Dave Solomon's State House Dome: Wetlands rules up for reviewBy DAVE SOLOMON
February 04. 2018 1:35AM
If you live near the water, want to live near the water, or just care about the quality of New Hampshire's waterways, you might want to attend one of five public hearings scheduled in February and early March on the first overhaul of the state's wetlands rules since 1991.
Cutting down on regulations has been a top priority for Gov. Chris Sununu, and few aspects of life in New Hampshire are more regulated than development on or near wetlands, which includes lakes, ponds, streams, rivers and shorelines.
"These efforts are the most comprehensive overhaul of wetlands rules in over 25 years, and represent a major step toward a more citizen-centered state government," says Sununu.
The proposed rules shorten the review time for certain approvals and expand the number of projects that qualify for streamlined review. The draft documents on the Department of Environmental Services website cover hundreds of pages of new definitions, rules and best-management practices.
The rewrite has been in the works since 2014. NHDES hosted more than 100 listening sessions, and heard from a variety of stakeholders, from landowners to road agents, conservation commissioners to marine contractors.
The public comment deadline on the draft rules is April 20. After that, formal rule making gets under way, including another round of public hearings and an additional public comment period The goal is to have all the new rules approved by the end of the year.
Hearings on the draft proposal are scheduled from 6 to 8 p.m. on Feb. 26 in Concord at NHDES headquarters; from 4 to 6 p.m. on Feb. 28 at the Portsmouth Public Library; from 6:30 to 8:30 p.m. on March 1 at Laconia City Hall; from 6:30 to 8:30 p.m. on March 5 at the Keene Public Library; and from 5 to 7 p.m. on March 7 at the North Country Resource Center in Lancaster.
Cutting down on red tape is high on Sununu's agenda. The House Resources, Recreation and Development Committee voted 11-9 along party lines last week to endorse HB 1104, a bill containing many of the recommendations submitted to Sununu by his Regulatory Reform Steering Committee.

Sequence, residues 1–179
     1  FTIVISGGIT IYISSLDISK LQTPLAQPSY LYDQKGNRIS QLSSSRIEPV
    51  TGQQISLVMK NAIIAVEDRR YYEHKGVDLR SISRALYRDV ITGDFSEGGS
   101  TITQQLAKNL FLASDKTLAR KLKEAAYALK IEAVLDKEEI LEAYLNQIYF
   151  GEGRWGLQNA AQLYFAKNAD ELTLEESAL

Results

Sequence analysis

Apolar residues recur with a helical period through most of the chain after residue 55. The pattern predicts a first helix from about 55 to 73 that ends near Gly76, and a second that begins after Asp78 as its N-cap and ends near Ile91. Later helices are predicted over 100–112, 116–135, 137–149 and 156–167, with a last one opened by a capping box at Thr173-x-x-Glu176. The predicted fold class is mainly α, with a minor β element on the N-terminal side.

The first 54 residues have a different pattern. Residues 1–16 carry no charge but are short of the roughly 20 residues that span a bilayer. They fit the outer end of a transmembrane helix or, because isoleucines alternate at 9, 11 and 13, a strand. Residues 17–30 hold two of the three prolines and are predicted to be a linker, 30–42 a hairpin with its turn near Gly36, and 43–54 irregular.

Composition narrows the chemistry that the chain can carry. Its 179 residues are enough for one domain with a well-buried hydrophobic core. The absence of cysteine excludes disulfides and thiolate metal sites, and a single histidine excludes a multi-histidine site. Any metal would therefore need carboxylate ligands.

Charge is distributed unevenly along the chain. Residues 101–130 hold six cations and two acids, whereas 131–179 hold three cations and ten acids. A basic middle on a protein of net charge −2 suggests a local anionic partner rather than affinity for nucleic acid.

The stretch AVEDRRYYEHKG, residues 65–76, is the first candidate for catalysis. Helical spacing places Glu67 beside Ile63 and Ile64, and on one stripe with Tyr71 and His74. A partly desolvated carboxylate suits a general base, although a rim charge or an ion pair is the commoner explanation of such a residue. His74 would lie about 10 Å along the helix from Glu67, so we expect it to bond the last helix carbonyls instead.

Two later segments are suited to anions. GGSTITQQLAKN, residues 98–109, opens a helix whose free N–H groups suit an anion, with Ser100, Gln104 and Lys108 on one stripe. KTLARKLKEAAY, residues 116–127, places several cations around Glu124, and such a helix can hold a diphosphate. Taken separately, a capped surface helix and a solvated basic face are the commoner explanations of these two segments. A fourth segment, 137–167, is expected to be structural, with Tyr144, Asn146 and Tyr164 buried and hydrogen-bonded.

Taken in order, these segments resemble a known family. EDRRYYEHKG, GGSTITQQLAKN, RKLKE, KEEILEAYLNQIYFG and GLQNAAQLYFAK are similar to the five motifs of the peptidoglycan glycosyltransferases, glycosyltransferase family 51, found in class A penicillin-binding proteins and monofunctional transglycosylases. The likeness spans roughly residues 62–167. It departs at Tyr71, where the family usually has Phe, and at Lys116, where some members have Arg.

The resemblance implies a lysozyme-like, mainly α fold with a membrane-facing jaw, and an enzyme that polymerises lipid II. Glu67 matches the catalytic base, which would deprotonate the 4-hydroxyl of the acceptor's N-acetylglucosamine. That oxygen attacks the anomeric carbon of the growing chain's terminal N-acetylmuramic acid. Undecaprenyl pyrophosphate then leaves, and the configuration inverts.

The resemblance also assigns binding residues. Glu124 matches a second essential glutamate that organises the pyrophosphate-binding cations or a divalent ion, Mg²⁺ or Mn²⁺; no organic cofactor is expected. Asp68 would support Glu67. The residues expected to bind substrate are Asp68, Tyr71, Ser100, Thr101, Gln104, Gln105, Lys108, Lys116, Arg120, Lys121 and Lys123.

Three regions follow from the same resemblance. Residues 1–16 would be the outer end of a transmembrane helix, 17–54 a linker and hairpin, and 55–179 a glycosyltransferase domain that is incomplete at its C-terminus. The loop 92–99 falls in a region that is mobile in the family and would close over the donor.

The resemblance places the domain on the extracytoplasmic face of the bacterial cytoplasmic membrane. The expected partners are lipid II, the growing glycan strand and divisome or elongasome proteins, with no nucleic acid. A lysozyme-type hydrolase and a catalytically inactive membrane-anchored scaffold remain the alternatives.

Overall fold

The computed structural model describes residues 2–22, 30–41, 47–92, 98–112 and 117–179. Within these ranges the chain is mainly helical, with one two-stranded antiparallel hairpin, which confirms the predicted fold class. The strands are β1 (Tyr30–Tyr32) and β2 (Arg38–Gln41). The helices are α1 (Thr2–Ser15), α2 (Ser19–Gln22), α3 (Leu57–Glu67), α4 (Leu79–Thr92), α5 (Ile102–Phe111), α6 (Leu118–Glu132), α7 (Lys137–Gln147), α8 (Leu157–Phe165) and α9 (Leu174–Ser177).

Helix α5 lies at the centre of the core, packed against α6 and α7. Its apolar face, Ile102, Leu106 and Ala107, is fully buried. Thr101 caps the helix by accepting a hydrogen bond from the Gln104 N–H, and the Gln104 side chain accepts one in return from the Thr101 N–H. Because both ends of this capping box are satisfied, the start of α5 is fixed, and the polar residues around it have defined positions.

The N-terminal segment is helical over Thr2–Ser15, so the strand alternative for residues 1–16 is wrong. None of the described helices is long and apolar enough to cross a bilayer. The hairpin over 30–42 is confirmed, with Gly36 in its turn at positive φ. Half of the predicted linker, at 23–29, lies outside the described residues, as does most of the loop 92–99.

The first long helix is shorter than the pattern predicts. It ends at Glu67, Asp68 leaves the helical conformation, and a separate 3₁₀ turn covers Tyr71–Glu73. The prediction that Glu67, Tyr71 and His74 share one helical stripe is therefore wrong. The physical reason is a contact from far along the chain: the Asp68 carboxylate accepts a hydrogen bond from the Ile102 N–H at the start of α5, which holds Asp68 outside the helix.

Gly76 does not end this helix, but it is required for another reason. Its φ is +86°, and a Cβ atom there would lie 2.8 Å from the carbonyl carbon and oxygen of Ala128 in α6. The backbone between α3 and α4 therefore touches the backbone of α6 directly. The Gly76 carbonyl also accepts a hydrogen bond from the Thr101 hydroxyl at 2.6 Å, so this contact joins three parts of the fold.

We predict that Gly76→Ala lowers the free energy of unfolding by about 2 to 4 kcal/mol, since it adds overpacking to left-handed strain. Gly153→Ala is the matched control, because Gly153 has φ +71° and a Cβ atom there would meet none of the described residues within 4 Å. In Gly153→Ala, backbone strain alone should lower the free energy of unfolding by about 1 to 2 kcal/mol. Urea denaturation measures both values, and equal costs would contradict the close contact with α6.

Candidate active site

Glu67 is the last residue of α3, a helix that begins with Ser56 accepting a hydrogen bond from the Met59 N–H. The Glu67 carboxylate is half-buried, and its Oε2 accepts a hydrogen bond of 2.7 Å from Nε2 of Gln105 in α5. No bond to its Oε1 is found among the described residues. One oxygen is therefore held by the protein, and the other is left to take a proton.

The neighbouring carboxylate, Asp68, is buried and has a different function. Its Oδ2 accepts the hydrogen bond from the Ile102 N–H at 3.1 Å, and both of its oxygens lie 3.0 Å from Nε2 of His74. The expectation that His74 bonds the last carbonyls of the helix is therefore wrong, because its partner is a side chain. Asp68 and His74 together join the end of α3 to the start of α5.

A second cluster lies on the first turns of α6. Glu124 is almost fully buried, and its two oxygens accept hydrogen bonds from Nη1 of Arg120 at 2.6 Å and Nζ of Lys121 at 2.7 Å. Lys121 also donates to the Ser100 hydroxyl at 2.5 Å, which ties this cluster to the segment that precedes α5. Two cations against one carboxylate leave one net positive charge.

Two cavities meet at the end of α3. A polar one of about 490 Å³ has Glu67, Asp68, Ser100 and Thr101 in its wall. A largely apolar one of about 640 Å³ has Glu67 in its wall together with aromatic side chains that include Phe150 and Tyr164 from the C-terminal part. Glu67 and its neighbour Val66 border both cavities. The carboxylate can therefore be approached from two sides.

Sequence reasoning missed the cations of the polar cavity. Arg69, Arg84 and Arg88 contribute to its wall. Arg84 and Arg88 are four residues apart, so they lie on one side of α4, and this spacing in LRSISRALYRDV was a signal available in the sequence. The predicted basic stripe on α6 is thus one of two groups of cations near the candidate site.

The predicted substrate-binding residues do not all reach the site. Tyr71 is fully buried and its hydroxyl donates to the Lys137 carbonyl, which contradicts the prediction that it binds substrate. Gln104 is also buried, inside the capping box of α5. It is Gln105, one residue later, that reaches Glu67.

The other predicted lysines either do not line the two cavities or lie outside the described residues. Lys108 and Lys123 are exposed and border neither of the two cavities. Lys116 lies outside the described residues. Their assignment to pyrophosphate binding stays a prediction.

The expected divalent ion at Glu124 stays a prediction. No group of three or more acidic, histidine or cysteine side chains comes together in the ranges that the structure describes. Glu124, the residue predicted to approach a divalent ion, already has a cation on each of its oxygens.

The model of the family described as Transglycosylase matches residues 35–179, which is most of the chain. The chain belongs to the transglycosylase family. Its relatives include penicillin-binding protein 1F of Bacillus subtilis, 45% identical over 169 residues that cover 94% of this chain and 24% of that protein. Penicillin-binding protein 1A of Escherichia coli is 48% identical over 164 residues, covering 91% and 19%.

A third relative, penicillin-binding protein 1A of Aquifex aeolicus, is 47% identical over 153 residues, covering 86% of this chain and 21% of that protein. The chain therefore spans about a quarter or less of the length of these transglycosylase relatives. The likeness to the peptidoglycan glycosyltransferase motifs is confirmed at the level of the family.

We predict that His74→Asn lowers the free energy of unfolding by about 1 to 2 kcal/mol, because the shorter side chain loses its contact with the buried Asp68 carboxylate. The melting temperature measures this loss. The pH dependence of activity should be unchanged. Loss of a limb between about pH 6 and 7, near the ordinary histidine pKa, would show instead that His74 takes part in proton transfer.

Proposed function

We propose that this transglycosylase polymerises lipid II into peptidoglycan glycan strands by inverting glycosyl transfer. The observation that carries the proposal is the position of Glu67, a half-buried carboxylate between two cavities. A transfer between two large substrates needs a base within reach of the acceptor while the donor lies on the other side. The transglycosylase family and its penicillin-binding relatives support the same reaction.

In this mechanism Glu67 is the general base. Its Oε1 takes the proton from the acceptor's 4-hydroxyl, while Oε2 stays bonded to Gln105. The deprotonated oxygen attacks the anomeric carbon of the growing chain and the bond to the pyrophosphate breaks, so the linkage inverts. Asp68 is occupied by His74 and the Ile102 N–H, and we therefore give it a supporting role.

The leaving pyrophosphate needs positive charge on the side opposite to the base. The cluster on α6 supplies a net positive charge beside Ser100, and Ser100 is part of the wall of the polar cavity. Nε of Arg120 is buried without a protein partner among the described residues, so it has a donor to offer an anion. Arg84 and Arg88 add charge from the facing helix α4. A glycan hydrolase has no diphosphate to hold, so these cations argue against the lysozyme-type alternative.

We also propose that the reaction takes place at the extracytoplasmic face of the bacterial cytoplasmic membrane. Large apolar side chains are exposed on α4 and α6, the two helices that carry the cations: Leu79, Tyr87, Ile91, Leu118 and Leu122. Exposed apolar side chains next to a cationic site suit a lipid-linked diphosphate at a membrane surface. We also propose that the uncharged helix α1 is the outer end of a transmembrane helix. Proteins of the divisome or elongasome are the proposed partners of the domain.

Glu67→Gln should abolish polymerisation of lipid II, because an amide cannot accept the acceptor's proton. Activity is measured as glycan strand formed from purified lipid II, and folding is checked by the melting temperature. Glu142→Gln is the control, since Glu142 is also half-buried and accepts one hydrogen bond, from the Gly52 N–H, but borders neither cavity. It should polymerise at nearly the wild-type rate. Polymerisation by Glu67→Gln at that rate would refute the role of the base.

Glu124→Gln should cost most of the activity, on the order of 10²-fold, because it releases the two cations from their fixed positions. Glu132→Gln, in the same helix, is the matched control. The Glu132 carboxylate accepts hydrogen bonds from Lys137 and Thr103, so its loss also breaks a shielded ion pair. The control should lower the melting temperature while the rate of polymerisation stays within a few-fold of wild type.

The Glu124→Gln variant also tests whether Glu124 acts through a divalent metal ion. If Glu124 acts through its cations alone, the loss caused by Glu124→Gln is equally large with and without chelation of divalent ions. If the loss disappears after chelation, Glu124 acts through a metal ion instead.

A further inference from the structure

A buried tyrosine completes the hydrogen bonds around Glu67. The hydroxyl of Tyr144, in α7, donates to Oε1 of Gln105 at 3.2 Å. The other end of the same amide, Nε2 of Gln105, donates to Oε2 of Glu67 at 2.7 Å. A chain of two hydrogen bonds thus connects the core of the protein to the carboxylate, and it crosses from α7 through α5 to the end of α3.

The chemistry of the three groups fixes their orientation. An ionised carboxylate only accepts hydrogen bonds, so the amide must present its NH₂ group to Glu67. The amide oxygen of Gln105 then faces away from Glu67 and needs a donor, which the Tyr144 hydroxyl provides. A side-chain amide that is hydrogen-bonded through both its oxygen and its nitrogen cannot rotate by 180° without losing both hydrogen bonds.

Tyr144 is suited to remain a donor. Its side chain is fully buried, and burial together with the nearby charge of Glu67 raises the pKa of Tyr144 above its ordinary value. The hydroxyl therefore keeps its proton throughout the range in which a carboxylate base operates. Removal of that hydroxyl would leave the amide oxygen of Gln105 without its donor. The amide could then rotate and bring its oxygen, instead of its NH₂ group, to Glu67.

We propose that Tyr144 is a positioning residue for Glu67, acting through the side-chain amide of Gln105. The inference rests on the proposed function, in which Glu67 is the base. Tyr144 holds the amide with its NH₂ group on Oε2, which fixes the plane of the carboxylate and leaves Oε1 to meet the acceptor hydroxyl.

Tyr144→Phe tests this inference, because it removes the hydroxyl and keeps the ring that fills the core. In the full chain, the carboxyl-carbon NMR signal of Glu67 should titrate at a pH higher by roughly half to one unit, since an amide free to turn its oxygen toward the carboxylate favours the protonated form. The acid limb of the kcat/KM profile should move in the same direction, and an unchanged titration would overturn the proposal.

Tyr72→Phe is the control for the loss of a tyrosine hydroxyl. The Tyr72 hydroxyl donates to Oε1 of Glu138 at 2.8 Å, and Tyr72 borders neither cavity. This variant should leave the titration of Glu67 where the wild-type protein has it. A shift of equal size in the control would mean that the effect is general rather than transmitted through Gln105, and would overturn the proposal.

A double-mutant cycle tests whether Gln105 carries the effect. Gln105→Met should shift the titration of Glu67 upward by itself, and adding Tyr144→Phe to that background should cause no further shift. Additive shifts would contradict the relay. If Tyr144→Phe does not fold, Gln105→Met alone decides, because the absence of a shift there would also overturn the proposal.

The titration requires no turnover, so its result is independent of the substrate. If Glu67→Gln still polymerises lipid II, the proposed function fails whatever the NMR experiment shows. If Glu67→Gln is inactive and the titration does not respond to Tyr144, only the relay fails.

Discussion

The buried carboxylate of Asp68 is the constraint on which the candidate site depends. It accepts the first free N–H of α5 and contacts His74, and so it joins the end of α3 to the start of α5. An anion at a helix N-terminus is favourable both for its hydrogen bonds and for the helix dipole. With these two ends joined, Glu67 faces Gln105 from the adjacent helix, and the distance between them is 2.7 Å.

If the bill becomes law, DES would face shortened timelines for responding to developers who want wetlands dredge and fill permits. The state would also be constrained in prosecuting property owners for wetland violations that occurred under previous owners.
HB 1104 is on the calendar for the House session on Wednesday, but Democrats challenged an amendment regarding reciprocity with other states for professional licensing.
They argued that honoring the license of a doctor, nurse, or electrician from another state has nothing to do with wetlands regulations, and as a "non-germane" amendment, subject to a public hearing.
House Speaker Gene Chandler, R-Bartlett, agreed with the Democrats, even though the non-germane amendment was submitted by his majority leader Rep. Dick Hinch, R-Merrimack.
"Rules are rules," said House Minority Leader Steve Shurtleff, D-Penacook, who raised the issue with Chandler. A new amendment containing only the wetlands issues will be introduced on the House floor.
If the deregulation bill passes the House, it would then be referred to the House Committee on Executive Departments and Administration, which would hold a public hearing on licensing reciprocity.
Another family leave vote
The House will be in session on Wednesday and Thursday, with a lengthy agenda that includes another vote on HB 628, the family and medical leave insurance program.
The Labor, Industrial and Rehabilitative Services Committee endorsed the bill, which passed the House on Jan. 9, 183-151. It was then referred to the Commerce Committee for additional review, and on Wednesday that committee voted 11-9 along party lines (all Republicans opposed) against the bill.
On Wednesday, the House could vote to accept that recommendation, which would mean the end of the idea at least for this session, or to overturn the report of its Commerce Committee.
If the House overturns the committee and passes the bill, it will go to a third House committee (Finance), and back to the House for a third vote.